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Kenai Peninsula wolf

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The Kenai Peninsula wolf (Canis lupus alces), also known as the Kenai Peninsula grey wolf,[5] is an extinct subspecies of the gray wolf that lived on the Kenai Peninsula in southern Alaska.[6]

Taxonomy

The subspecies was classified in 1941 as one of the four in Alaska by Edward Alphonso Goldman.[3] It is recognized as a subspecies of Canis lupus in the taxonomic authority Mammal Species of the World (2005).[7]

Smithsonian Institution has a skull specimen of the Kenai Peninsula wolf, it numbered is USNM 147471.[8]

History

Wolves were common on the Peninsula before 1900, however, gold was discovered there in 1895. Miners, fearing rabies, commenced poisoning, hunting and trapping the wolves and by 1915 they had been extirpated.[9][10][11] The Kenai Peninsula wolf was officially declared extinct in 1925.[1]

Re-population of wolves from other areas onto the peninsula did not occur until the 1960s. It has been shown through DNA studies that, at minimum, the current population of wolves on the Kenai Peninsula mated with other Alaskan subspecies, as the structure of the current wolf population's DNA is similar to other mainland Alaskan subspecies.[12][13]

Description

The Kenai Peninsula wolf was dependent on the very large moose of the region and Goldman proposed that its large size was an adaption to this.[14][15]

A skull is held by the Smithsonian museum, specimen number USNM 147471.[16]

References

  1. ^ a b Charles Bergman (2003). Wild Echoes: Encounters With the Most Endangered Animals in North America. University of Illinois Press. pp. 256–. ISBN 978-0-252-07125-6.
  2. ^ Boitani, L.; Phillips, M.; Jhala, Y. (2018). "Canis lupus". IUCN Red List of Threatened Species. 2018: e.T3746A163508960. doi:10.2305/IUCN.UK.2018-2.RLTS.T3746A163508960.en. Retrieved 19 November 2021.
  3. ^ a b Goldman, E. A. 1941 Sep 30. Proceedings of the Biological Society of Washington. 54: 109.
  4. ^ "Canis lupus alces Goldman, 1941". Integrated Taxonomic Information System.
  5. ^ Murray Wrobel (2007). Elsevier's Dictionary of Mammals: In Latin, English, German, French and Italian. Elsevier. pp. 68–. ISBN 978-0-444-51877-4.
  6. ^ Weckworth, Byron V.; Talbot, Sandra; Sage, George K.; Person, David K.; Cook, Joseph (2005). "A Signal for Independent Coastal and Continental histories among North American wolves" (PDF). Molecular Ecology. 14 (4): 917–31. doi:10.1111/j.1365-294X.2005.02461.x. PMID 15773925.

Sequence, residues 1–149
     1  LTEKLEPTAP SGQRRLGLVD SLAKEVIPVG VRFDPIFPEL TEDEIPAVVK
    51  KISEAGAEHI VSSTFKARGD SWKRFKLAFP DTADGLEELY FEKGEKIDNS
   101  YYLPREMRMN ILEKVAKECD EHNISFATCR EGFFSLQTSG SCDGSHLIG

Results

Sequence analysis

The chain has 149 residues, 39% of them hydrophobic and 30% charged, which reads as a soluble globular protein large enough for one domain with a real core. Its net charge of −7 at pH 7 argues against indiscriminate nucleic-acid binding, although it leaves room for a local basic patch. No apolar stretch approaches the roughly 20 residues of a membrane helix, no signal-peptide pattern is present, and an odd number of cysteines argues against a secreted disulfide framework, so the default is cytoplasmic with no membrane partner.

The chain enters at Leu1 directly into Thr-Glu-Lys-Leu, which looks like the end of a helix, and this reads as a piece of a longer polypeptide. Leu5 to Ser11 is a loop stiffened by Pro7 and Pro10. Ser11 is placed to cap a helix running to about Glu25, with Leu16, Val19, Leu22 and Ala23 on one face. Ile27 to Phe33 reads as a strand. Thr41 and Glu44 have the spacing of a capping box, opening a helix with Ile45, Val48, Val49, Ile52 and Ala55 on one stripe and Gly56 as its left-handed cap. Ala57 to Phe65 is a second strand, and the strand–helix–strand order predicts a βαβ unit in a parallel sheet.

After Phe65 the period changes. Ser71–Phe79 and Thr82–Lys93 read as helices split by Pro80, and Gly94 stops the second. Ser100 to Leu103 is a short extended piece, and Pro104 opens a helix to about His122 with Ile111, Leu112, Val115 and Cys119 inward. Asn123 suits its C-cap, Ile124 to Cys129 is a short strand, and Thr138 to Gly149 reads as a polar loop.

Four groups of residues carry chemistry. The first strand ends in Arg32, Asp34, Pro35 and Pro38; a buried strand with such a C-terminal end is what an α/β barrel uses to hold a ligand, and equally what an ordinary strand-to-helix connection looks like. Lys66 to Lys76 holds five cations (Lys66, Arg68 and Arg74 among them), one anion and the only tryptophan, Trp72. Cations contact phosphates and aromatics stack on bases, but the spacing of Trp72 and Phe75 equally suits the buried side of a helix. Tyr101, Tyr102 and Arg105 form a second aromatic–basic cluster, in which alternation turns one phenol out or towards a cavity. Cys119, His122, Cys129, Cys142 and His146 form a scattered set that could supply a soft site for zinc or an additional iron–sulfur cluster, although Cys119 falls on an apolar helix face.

7. ^ Wozencraft, W. C. (2005). "Order Carnivora". In Wilson, D. E.; Reeder, D. M. (eds.). Mammal Species of the World: A Taxonomic and Geographic Reference (3rd ed.). Johns Hopkins University Press. pp. 575–577. ISBN 978-0-8018-8221-0. OCLC 62265494. url=https://books.google.com/books?id=JgAMbNSt8ikC&pg=PA576
  8. ^ Smithsonian National Museum of Natural History. "Canis lupus alces Goldman, 1941".
  9. ^ Peterson, R.O. and J.D. Woolington. 1982. The apparent extirpation and reappearance of wolves on the Kenai Peninsula, Alaska. Pages 334-344 in Harrington, F.H. and P.C. Paquet (eds.). Wolves of the world. Noyes Publications, Park Ridge, New Jersey. 474 pp
  10. ^ Palmer, L. J. 1938. Kenai Peninsula moose. Research Project Report, Bureau of Biological Survey-Sept.-Oct. 1938. Unpubl. report, Kenai National Wildlife Refuge files, 24 pp,typewritten
  11. ^ Effects of Increased Human Populations on. Wildlife Resources of the Kenai Peninsula, Alaska. Edward E. Bangs. U.S. Fish and Wildlife Service 1982 [1]
  12. ^ Rolf O. Peterson, James D. Woolington and Theodore N. Bailey (1984). "Wolves of the Kenai Peninsula, Alaska". Wildlife Monographs. 88: 3–52. JSTOR 3830728.
  13. ^ "Kenai Peninsula Wolf". Wolf Pack. Retrieved 29 January 2014.
  14. ^ Goldman EA. 1944. Classification of wolves: part II. Pages 389– 636 in Young SP, Goldman EA, editors. The wolves of North America. Washington, D.C.: The American Wildlife Institute.
  15. ^ L. David Mech, The Wolf: The Ecology and Behavior of an Endangered Species, The Natural History Press, 1970, Appendix A page 2
  16. ^ Smithsonian National Museum of Natural History. "Canis lupus alces Goldman, 1941".
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Kenai Peninsula wolf: Brief Summary

provided by wikipedia EN

The Kenai Peninsula wolf (Canis lupus alces), also known as the Kenai Peninsula grey wolf, is an extinct subspecies of the gray wolf that lived on the Kenai Peninsula in southern Alaska.

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cc-by-sa-3.0
copyright
Wikipedia authors and editors
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visit source
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